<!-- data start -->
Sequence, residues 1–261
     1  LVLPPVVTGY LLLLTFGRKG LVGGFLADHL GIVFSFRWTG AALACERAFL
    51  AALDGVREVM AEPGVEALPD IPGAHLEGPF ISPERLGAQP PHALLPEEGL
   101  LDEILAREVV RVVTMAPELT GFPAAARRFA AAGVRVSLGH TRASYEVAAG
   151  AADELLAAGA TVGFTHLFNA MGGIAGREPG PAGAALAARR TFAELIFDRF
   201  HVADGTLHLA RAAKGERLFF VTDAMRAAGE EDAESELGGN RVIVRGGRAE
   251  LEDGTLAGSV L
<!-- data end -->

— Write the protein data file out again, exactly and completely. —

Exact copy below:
Sequence, residues 1–261
     1  LVLPPVVTGY LLLLTFGRKG LVGGFLADHL GIVFSFRWTG AALACERAFL
    51  AALDGVREVM AEPGVEALPD IPGAHLEGPF ISPERLGAQP PHALLPEEGL
   101  LDEILAREVV RVVTMAPELT GFPAAARRFA AAGVRVSLGH TRASYEVAAG
   151  AADELLAAGA TVGFTHLFNA MGGIAGREPG PAGAALAARR TFAELIFDRF
   201  HVADGTLHLA RAAKGERLFF VTDAMRAAGE EDAESELGGN RVIVRGGRAE
   251  LEDGTLAGSV L